Rebecca de Wardt
When you grow up in Colorado, it is hard not to fall in love with camping, backpacking, hiking, and snowboarding. My love of the outdoors has grown into a sense of duty to protect the worlds’ incredible and unique ecosystems. This led me to attain a B.S. in Biology from the University of Colorado. My studies as an undergrad piqued my interest in sustainability and biomimicry. Currently, I am working towards attaining a M.S. in Cell and Molecular Biology. My main research project focuses on linking genotypes to phenotypes through experimental analysis and metabolic modeling software. The overarching goal of this project is to provide researches with a publicly available metabolic modeling tool to aid in understanding and bioengineering not well characterized bacterial species. I am also working on tide pool microbiomes and am interested in their effects on host and ecological systems as well as exploring how microbiome signatures can be used as ecological bioindicators.
Marine microbes aid in the nutrition, reproduction, chemical defense, and immunity of associated organisms in marine ecosystems. As anthropogenic activity increases in coastal regions worldwide, marine microbial communities are shifting from symbiotic to pathogenic, causing further environmental detriment. Although the microbial genomic adaptations resulting from anthropogenic disturbance have been described, few studies have supported the genomic adaptation with evidence of phenotypic adaptations as well. My research explores the phenotypic adaptations in bacterial strains resulting from anthropogenic influence. Bacterial strains were isolated from four kelp forest regions offshore San Diego, California with different levels of anthropogenic disturbance. Because studies have shown that anthropogenic perturbations induce genomic changes in microbes, including transport of pollutant compounds out of the cell and utilization of contaminants as energy sources, we hypothesized that microbial strains isolated from higher anthropogenic disturbance areas would show phenotypic markers carbon, sulfur, phosphorous and nitrogen utilization. Utilization usage is tested using a 96-well phenotypic array plate with 72 carbon nutrient sources 24 sulfur, 10 phosphorus and 54 nitrogen nutrient sources. Strains across the four kelp forest sampling locations, Catalina, Pt. Loma, La Jolla, & San Diego Bay have been tested to-date. The 96-well phenotypic array results are currently being analyzed to determine the nutrients that are being utilized among the Vibrio strains isolated from our areas of interest. As a result of this study, we will be better able to predict the changes that will occur in microbial communities, which has implications on the health of the associated environment and macro-organisms. This study is relevant as anthropogenic perturbations continue to increase in frequency and magnitude worldwide.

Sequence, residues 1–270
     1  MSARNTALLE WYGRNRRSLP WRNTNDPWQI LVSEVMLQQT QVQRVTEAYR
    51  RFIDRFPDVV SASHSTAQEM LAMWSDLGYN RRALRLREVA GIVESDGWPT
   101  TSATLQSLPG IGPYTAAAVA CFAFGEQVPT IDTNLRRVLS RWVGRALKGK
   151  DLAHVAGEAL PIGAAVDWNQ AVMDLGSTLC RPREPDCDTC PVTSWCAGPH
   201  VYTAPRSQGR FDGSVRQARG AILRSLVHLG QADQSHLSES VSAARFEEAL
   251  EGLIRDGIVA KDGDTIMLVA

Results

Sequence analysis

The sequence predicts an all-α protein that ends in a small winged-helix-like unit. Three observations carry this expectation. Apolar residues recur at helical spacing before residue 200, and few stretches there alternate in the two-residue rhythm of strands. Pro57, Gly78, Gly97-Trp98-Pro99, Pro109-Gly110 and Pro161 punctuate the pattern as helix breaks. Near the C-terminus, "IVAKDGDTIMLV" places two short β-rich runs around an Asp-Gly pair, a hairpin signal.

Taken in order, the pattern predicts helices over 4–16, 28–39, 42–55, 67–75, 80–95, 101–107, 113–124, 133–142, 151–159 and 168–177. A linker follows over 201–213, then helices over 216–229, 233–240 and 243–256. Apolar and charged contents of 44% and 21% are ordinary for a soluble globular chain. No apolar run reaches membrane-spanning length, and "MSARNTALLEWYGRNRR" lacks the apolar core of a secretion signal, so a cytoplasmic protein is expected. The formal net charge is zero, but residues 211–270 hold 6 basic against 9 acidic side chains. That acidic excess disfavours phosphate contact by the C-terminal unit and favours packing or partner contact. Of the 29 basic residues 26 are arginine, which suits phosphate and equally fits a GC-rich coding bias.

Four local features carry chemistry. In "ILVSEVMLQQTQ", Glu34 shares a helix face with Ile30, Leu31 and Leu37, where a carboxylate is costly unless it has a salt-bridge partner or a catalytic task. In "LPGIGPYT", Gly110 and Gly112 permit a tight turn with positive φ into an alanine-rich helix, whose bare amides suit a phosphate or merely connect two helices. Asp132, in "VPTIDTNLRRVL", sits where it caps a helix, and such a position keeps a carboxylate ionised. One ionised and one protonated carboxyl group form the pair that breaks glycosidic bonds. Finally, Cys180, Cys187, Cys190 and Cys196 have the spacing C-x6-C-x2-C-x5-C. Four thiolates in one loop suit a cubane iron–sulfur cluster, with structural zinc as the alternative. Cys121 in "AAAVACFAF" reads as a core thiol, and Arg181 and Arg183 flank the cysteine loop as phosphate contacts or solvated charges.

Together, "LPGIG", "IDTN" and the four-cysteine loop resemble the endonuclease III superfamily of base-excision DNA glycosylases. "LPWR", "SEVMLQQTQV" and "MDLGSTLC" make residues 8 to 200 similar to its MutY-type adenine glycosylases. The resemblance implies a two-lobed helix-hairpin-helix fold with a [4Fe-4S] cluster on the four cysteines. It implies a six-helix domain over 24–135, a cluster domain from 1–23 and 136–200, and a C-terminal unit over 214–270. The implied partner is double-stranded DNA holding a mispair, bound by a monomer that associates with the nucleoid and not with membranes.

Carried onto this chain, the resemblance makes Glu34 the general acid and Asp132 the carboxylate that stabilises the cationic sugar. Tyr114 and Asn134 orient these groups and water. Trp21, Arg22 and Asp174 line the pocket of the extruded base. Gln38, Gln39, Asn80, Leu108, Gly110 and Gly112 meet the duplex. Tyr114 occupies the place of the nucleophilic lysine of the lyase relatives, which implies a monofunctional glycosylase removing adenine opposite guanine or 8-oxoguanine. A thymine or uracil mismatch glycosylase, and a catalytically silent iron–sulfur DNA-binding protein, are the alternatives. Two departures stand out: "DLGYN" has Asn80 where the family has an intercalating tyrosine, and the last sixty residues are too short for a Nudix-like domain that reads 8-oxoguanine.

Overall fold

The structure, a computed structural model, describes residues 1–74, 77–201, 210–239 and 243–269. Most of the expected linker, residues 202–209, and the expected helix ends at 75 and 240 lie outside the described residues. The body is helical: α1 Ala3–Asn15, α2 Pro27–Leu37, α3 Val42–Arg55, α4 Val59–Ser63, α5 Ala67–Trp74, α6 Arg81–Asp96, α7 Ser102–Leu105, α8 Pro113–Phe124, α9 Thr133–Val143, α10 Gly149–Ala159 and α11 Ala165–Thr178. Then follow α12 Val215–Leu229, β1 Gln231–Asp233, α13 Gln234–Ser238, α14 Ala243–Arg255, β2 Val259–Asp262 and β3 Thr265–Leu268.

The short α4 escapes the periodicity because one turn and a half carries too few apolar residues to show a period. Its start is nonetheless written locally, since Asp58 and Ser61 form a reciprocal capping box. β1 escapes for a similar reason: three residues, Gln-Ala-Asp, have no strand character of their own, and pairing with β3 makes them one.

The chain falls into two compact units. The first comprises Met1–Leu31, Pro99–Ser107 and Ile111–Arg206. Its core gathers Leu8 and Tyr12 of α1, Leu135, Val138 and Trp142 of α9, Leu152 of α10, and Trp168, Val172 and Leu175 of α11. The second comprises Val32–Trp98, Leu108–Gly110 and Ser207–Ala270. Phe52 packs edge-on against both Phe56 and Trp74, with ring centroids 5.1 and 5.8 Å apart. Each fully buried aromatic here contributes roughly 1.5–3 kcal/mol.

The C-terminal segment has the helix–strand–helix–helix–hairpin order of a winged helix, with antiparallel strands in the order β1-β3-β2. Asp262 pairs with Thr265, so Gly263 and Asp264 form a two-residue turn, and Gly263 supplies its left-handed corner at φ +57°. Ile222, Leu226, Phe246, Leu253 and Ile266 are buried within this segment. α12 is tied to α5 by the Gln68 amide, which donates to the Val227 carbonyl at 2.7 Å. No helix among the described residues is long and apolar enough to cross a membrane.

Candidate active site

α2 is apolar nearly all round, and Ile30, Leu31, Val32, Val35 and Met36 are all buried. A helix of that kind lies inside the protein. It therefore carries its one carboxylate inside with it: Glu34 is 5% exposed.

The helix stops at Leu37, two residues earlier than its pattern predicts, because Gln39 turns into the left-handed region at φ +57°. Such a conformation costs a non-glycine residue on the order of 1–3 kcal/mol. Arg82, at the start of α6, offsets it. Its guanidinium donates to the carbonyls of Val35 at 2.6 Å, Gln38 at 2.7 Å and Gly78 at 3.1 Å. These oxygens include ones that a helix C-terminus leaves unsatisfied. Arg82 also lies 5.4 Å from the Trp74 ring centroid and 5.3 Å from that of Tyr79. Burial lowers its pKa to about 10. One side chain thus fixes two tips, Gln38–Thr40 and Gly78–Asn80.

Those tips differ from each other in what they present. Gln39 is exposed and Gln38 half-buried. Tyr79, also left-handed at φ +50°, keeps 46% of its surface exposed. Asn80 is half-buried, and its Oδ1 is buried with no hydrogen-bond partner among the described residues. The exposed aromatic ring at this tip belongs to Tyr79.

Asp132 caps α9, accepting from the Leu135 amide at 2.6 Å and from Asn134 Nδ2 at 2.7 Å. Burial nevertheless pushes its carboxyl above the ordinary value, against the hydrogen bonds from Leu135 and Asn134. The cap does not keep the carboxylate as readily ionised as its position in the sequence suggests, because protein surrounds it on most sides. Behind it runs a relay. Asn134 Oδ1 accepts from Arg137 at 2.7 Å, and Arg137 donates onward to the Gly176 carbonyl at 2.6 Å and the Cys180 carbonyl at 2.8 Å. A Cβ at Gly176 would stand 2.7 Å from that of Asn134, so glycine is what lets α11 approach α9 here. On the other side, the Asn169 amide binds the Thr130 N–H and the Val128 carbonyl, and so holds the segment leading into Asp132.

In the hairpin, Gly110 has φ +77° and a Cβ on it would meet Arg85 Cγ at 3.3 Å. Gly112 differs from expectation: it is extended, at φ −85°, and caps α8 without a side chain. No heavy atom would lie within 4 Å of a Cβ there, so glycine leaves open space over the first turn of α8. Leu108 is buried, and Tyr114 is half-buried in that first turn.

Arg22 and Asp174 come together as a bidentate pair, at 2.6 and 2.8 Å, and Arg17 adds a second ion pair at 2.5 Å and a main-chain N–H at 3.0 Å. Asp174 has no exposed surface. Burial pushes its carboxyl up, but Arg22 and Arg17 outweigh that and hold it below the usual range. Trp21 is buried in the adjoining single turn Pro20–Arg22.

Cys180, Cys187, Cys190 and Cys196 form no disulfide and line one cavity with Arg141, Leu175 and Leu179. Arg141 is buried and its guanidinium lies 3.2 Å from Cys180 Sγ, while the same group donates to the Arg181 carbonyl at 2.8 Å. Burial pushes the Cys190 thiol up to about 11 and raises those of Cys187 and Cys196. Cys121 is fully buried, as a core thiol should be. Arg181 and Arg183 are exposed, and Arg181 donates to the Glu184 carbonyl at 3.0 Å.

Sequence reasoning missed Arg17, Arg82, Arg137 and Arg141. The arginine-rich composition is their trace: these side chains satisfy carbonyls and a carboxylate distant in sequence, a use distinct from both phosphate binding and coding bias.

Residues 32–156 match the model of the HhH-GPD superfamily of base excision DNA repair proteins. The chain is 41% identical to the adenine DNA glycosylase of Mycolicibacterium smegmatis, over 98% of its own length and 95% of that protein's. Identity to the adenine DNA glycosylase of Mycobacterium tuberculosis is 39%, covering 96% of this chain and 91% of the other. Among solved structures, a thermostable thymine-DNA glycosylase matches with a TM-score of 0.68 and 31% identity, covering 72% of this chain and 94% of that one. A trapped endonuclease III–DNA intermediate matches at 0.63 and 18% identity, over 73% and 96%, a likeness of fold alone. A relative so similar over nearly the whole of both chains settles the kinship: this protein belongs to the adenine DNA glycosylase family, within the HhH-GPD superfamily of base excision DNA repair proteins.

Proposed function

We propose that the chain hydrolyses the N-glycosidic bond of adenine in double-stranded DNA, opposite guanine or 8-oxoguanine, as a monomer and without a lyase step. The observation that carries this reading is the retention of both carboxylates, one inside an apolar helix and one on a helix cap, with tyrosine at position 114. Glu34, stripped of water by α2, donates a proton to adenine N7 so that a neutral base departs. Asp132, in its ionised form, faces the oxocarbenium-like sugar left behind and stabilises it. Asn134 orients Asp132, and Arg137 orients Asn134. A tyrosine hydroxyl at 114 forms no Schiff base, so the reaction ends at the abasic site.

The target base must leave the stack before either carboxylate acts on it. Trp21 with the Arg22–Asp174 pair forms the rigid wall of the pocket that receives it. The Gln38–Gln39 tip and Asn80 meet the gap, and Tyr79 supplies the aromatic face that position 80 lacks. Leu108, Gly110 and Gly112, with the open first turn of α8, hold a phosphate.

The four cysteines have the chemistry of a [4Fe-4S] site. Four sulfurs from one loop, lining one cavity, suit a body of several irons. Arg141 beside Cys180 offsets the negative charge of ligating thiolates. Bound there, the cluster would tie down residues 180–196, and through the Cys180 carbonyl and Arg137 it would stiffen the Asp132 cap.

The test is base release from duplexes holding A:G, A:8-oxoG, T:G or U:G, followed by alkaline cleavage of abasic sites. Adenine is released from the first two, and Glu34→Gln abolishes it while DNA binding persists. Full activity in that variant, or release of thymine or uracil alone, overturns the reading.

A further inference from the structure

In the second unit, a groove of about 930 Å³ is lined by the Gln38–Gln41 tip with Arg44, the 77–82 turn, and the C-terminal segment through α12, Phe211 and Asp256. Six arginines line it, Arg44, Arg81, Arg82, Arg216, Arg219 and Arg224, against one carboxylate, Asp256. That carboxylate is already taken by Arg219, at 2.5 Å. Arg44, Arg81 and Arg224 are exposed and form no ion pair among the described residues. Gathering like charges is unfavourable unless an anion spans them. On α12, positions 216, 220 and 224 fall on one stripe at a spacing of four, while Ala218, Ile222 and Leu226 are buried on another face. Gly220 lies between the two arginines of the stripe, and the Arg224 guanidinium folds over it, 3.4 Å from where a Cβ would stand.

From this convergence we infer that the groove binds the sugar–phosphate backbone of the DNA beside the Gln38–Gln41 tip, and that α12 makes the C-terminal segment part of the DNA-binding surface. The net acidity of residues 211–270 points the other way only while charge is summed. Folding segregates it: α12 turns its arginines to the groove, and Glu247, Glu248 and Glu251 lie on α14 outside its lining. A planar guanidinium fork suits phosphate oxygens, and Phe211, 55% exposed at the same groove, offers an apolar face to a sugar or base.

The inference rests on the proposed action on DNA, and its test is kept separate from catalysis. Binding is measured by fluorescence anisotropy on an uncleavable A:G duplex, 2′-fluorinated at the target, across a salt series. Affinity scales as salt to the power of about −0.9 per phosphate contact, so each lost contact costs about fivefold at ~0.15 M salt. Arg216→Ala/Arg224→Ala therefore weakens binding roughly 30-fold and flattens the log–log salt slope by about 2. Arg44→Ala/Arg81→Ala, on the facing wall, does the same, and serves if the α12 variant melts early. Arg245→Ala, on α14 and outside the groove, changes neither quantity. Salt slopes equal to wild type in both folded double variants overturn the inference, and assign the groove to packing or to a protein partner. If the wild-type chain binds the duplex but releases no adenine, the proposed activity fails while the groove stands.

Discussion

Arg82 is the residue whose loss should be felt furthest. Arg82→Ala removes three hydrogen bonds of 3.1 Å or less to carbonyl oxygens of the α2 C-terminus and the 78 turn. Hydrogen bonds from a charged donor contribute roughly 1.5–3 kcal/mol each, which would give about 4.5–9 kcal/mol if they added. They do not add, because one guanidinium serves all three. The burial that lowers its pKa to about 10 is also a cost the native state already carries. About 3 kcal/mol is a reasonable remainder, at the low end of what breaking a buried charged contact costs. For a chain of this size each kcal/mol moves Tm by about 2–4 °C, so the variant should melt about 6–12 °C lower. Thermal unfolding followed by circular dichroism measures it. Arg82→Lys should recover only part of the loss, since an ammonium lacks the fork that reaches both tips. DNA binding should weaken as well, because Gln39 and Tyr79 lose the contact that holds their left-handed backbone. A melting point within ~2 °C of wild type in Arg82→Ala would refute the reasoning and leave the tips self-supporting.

I am an undergraduate majoring in Biology with an emphasis in Marine Biology at San Diego State University. Before attending San Diego State University, I first got involved in marine science by working at the Seymour Marine Discovery Center at Long Marine Lab at UC Santa Cruz. There I loved working with their swell sharks and plan on pursuing shark research in graduate school. Currently I am helping out with two projects in the lab, one looking at the role of microbes on sharks and the other linking genotypes to phenotypes for marine bacterial strains through experimental analysis.
I am an undergraduate studying Biology with an emphasis in Marine Biology and I have a minor in Sustainability at San Diego State University. I first peeked an interest in the marine sciences when I was hired on as a marine science instructor at the Mission Bay Aquatic Center. After a long summer of teaching children about marine life and conservation, I was hooked on the idea of becoming a marine biologist. After joining the Green Love club at SDSU, I have also found a love for sustainability and conservation. I’m really interested in how sustainable practices can better suit marine species, habitats, and ecosystems. I am now a 5th year senior finishing up my undergraduate classes, volunteering, and getting ready for graduate school!
I am an undergraduate majoring in Biology with an emphasis in Cellular and Molecular Biology at San Diego State University. My interest in Marine Biology began in middle school when I competed in an ROV competition. From there I went to Monterey Academy of Oceanographic Science (MAOS) for high school. Currently I am working on project looking at the metabolic models of bacterial strains by testing bacterial usage of different carbon, nitrogen, phosphorus, and sulfur substrates.
During my second year at San Diego State University, where I am currently an undergraduate student studying biology, I became a member of the Dinsdale lab. At a young age I spent a lot of time snorkeling and swimming in the ocean, which is where my interest in marine life and ecosystems was first sparked. Eager to discover more of what was beneath the ocean’s surface, I became a certified scuba diver at the age of ten. Ever since, my curiosity towards the oceans ecosystems and inhabitants has only continued to grow. When I first came to SDSU, becoming a member of a research lab was something I strived to do and the Dinsdale lab proved to be a perfect fit. As a member of the Dinsdale lab, I have had the opportunity to integrate my passion for scuba diving and marine life into my education. Now, I am currently completing my third year at SDSU and have worked on projects that study the linkage between genotypes and phenotypes of bacterial strains in different substrates as well as study the microbial community that lives on the skin of various species of sharks!